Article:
According to the narrative, Hannah, much ridiculed by her husband’s second wife about her barrenness, after persevering in prayer and supplication before the Lord, finally conceived and gave birth to her first son, Samuel (see 1 Samuel 1:1-20). We are told that after the child was weaned, Hannah “brought him unto the house of the Lord in Shiloh” (v. 24, KJV) and before Eli the priest she vowed, “as long as he liveth he shall be lent to the Lord” (v. 28) before leaving Samuel with Eli and returning home. From then on, “the child did minister unto the Lord before Eli the priest” (1 Samuel 2:11).
But something was not right in Eli’s house for “the sons of Eli were sons of Belial; they knew not the Lord” (v. 12). Not only that “the sin of the young men was very great before the Lord: for men abhorred the offering of the Lord” (v. 17), but Eli knew “all that his sons did unto all Israel; and how they lay with the women that assembled at the door of the tabernacle of the congregation” (v. 22), and made “the Lord’s people to transgress” (v. 24). Yet in this difficult and somewhat salacious environment, something remarkable was taking place. We are told, “But Samuel ministered before the Lord, being a child, girded with a linen ephod . . . . And the child Samuel grew before the Lord. . . . And the child Samuel grew on, and was in favour both with the Lord, and also with men. . . . And the child Samuel ministered unto the Lord before Eli” (vv. 18, 21b, 26; 3:1). Do you see what I see? Right worshipping in a difficult place!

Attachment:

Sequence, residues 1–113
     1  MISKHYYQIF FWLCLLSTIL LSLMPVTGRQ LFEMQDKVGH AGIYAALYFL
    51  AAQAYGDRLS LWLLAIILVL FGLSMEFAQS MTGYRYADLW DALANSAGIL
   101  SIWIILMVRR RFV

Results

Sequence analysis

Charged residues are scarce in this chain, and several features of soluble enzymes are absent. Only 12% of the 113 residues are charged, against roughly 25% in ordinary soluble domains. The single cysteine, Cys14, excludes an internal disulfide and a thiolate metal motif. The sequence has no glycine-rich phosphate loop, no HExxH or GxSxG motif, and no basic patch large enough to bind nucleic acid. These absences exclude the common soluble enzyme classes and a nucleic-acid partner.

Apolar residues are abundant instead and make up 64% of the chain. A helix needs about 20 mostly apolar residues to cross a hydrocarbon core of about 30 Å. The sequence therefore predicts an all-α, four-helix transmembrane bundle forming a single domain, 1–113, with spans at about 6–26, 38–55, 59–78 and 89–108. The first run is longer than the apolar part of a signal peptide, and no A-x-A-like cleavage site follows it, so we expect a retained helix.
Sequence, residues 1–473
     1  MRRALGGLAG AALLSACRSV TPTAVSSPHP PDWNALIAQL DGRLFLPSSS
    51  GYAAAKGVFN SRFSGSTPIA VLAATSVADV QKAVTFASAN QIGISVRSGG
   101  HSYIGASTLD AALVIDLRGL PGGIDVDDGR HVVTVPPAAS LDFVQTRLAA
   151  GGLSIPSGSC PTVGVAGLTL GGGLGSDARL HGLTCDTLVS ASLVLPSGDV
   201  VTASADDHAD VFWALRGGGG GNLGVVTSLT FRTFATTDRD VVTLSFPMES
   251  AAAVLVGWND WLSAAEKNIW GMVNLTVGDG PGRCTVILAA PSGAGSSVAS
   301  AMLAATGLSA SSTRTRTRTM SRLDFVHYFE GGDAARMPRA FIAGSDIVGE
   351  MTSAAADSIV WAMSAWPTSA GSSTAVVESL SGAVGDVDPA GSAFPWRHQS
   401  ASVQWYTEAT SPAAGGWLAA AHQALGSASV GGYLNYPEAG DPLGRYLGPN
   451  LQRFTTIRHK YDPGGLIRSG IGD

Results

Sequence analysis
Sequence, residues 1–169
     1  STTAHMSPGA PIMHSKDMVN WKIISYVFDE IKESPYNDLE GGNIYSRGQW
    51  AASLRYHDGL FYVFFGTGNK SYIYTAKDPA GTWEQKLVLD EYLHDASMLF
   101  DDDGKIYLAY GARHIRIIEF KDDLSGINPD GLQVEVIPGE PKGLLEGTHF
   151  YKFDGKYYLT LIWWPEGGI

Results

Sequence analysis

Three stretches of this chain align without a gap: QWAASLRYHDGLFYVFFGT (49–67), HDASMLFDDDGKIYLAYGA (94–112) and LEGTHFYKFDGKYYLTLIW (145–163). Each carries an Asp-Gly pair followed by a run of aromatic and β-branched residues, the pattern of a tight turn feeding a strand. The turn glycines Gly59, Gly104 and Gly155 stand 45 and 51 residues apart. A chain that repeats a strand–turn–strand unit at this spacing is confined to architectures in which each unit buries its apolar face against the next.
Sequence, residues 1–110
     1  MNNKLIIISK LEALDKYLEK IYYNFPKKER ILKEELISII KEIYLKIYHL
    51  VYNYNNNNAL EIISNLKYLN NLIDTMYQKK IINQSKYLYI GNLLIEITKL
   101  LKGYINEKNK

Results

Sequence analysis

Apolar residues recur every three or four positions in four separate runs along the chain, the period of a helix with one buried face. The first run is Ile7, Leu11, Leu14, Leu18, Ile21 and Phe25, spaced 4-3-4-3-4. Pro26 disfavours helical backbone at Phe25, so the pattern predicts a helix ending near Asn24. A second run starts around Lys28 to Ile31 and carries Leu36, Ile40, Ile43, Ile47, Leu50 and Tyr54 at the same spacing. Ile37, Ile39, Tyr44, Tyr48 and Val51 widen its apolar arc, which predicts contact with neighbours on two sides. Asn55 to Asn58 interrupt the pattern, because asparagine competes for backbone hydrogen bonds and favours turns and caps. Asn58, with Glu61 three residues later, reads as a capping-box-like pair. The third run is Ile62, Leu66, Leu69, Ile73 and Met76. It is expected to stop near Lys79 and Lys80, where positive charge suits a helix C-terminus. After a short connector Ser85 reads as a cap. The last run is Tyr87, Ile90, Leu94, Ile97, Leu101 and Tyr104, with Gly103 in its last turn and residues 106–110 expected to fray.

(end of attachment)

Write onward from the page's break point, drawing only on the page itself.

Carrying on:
As a child, it would have been easy for Samuel to have adopted the ways of the adults around him who were supposed to be his examples of worshipping and serving the Lord. However, we see the opposite; he was in a bad environment, but the environment was not in him! In other words, he did not allow himself to be influenced by said environment. By God’s grace, his heart remained true to worshipping God in the ways he had learned from his worshipping mother. The same can be true for us as well. No matter the negative environment in which we find ourselves – at work, home, school, church, or wherever else – it does not have to influence our behaviour and/or our worship. God’s grace is still able to empower us to “live soberly, righteously, and godly” wherever we find ourselves (Titus 2:11-12). We can still worship the right way. Easy? No! Possible? Yes! Just ask Samuel.